There are sites that work perfectly without cookes; I have them disabled for this site, and have no problems.  Per-session cookies should be the most that is needed for all sites. Persistent cookies should be an option.

Stephen Jones
Sunday, February 29, 2004

The third parties cookies thing doesn't work for Doubleclick. Since Doubleclick opens inside a frame, they're first party links for Doubleclick.

Doubleclick then tracks what sites in their network you visit. Once you create an ID at one, wham - they've got you. Your name, address, and sites you visit.

Once again I'll relate the story of my sister browsing maternity sites and getting maternity ads when she logged on to her Yahoo mail.

So while these cookies can't execute code, they can in a very real sense send back information about you from your preferences to your mailing address.

I've been successfully blocking most of them by editing my Hosts file with known offenders. Various versions of the hosts file can be found online.

www.MarkTAW.com
Sunday, February 29, 2004

Oh, and I browse with Firebird which I've set to purge all cookies on exit. I use IE for sites like this where I want to have cookies & a history.

www.MarkTAW.com
Sunday, February 29, 2004

If you add lines like the following

127.0.0.1        ad.doubleclick.net

to your 'hosts' file, they'll never load because doubleclick isn't hosted on 127.0.0.1 (your localhost). You get a few 'file not found' messages in your pages which beats seeing ad crap all over the place.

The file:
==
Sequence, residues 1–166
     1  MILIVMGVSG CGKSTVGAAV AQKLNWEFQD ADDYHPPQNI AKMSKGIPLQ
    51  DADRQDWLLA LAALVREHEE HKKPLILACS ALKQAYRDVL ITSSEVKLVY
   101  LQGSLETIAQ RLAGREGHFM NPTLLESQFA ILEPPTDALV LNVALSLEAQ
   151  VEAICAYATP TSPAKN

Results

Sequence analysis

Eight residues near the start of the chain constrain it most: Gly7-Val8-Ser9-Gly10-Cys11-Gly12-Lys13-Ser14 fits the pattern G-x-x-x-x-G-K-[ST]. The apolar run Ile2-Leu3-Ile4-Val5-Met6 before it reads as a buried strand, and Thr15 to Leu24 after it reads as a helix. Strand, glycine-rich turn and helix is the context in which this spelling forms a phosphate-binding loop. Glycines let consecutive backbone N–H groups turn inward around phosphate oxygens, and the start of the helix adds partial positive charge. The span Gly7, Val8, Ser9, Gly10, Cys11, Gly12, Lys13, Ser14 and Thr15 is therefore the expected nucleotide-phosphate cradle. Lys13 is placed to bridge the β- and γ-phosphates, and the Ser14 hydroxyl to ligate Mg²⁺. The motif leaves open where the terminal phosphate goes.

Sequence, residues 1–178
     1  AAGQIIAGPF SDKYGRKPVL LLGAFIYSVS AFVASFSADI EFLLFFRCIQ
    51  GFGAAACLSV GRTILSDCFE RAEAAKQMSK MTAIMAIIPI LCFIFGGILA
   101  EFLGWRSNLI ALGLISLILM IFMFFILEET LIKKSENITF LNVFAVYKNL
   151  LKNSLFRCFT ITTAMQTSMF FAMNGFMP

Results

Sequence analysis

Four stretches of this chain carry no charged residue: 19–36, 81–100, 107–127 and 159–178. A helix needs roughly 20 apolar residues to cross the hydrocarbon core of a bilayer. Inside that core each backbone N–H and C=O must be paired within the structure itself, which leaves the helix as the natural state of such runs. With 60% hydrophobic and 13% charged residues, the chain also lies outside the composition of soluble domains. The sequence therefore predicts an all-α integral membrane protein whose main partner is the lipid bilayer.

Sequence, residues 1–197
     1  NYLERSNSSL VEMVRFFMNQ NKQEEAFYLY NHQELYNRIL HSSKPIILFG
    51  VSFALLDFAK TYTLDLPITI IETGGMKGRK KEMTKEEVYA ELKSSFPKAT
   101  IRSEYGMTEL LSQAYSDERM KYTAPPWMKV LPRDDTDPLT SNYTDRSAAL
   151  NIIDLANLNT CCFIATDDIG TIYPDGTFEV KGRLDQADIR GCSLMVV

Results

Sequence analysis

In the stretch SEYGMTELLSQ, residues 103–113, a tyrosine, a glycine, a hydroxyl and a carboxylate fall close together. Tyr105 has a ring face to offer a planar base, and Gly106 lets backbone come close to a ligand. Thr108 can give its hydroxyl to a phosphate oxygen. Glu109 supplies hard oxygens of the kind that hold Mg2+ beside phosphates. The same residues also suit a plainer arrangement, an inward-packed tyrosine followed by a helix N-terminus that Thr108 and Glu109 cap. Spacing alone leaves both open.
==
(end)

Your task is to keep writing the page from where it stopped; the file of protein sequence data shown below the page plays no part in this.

Interaction Architect
Sunday, February 29, 2004

You can download a pre-built Hosts file with exceptions from http://accs-net.com/hosts/

John Topley (www.johntopley.com)
Monday, March 01, 2004

"EULA makes it OK? What a load of crap"

Talk about a load of crap: "I didn't read the contract I signed so I'm not legally bound by its content."

If you sign a contract your understanding of said contract is implied. If you don't understand a contract don't sign the damn thing!!

seth
Monday, March 01, 2004

Perhaps my experience is atypical, but I have never signed a EULA.

Zahid
Tuesday, March 02, 2004

Well Zahid, this is your lucky day; consider your ignorance abolished.

If, while installing some software on your computer, a dialog box appears on your screen asking if you agree to the terms of an End User License Agreement (in my experience always immediately available for reading) and you click the OK/Yes/I Agree button you have just signed a contract agreeing to the terms of the EULA. If you don't agree to the terms of the EULA (i.e. you choose not to click the 'I Agree' button) the software won't install so by fact of the software having been installed it can be shown that you agreed to the terms of the EULA.

A signature is not limited to scribbling one's name onto a piece of paper.

seth
Tuesday, March 02, 2004

Dear seth,
                Do you seriously tnink anybody will return you the money for the software because you claimed you didn't sign the EULA. Get real!

Stephen Jones
Tuesday, March 02, 2004

Seth says, "A signature is not limited to scribbling one's name onto a piece of paper."

Of course it is limited to that.  It's absurd to think that clicking on a dialog box button can make an individual contractually obligated to follow whatever the software maker says you have to do.